Credit regulator unhappy with judgment over Lewis Stores’ fees
Lewis charges fees for its extended warranty and club membership in a separate ‘statement of account’, which lets them off the hook
"We’re extremely disappointed‚ and we’re going to fight this with all we have."
This was National Credit Regulator (NCR) senior legal advisor Nthupang Magolego’s response to the news that the National Consumer Tribunal had dismissed the regulator’s case against Lewis Stores for offering its customers extended warranties and club membership‚ for extra fees‚ pushing up the cost of buying furniture on credit.
Two of the three Tribunal members were of the view that because the fees for the extended warranty — overlapping the furniture’s manufacturer warranty — and club membership are reflected by Lewis in a separate "statement of account" rather than being included in the credit agreement itself — as is the case with Edcon’s club fee — it is not a contravention of the National Credit Act.
The NCR is appealing the Tribunal’s judgment.
"Lewis was smart enough not to put those fees into the credit agreement itself‚ but rather into a separate document they call a statement of account‚ but the impact on the consumer is the same‚" said Magolego.
Consumer’s monthly instalments incorporate the extra fees‚ and most do not realise they can choose not to pay the club fee by canceling their club membership‚ Magolego said.
"And if they don’t pay‚ they are listed for the entire amount‚ including the fees‚" she said. "During the hearing Lewis submitted no credible evidence to show that the ‘statement of account’ was a separate contract."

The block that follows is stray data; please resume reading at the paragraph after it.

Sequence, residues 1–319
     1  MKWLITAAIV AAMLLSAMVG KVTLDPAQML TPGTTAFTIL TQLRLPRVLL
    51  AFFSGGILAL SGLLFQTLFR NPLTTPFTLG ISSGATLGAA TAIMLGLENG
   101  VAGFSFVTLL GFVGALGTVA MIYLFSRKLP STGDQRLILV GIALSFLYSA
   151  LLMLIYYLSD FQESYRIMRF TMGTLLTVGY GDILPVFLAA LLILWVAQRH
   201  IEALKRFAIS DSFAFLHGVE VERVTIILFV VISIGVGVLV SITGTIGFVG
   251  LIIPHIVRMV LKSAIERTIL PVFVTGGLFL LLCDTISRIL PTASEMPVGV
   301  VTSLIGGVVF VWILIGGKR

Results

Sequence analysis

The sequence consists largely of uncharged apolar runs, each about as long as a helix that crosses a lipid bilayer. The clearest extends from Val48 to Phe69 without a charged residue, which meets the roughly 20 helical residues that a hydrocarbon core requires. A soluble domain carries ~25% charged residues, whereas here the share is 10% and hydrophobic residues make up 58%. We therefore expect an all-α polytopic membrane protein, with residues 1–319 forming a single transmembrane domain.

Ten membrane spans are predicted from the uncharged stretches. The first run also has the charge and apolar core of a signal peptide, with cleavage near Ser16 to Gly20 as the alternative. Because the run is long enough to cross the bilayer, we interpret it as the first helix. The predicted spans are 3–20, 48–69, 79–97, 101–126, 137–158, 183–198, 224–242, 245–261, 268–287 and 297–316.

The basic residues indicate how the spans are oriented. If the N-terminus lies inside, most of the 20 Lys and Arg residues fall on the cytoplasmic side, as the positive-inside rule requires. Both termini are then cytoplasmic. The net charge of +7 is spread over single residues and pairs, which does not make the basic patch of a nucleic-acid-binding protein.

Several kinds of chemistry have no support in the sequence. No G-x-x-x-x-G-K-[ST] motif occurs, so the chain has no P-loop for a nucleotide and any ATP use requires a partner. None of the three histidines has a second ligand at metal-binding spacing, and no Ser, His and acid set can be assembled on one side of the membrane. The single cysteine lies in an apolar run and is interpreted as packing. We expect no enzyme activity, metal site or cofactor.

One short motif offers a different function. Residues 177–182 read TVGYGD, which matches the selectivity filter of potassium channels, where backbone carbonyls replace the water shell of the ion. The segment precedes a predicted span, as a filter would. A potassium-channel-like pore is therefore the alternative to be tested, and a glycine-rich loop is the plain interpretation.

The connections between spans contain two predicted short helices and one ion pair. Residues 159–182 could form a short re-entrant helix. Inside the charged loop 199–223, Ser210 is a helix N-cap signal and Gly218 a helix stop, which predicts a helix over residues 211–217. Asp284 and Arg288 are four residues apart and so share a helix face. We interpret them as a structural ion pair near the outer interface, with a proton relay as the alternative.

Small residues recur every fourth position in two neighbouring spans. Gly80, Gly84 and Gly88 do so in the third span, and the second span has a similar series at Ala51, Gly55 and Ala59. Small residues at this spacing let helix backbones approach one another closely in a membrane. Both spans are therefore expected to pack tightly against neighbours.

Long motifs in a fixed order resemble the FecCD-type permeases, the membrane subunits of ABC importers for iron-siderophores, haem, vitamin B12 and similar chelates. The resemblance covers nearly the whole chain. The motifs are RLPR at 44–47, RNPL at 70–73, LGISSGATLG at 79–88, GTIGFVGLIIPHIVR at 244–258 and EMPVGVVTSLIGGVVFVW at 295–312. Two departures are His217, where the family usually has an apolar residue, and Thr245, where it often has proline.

The NCR does not support credit retailers charging consumers a club fee on credit agreements or under any supplementary agreements or documents‚ as it increases the cost of credit.
Last month, Edcon was found guilty of charging hundreds of thousands‚ if not millions‚ to account-holders in an illegal fee for the past decade‚ a ruling the company has since appealed. And last week, the NCR announced that it has referred the Mr Price Group to the Tribunal, following an investigation that revealed it, too, has been charging consumers a club fee on credit agreements.
The NCR is asking the Tribunal to do what it did in the Edcon case — order Mr Price to refund the affected consumers. It wants Mr Price to conduct an independent audit into its loan book to determine the number of consumers to be refunded. It also wants Mr Price to be prevented from charging consumers a club fee on credit agreements and to impose an appropriate administrative fine on the group.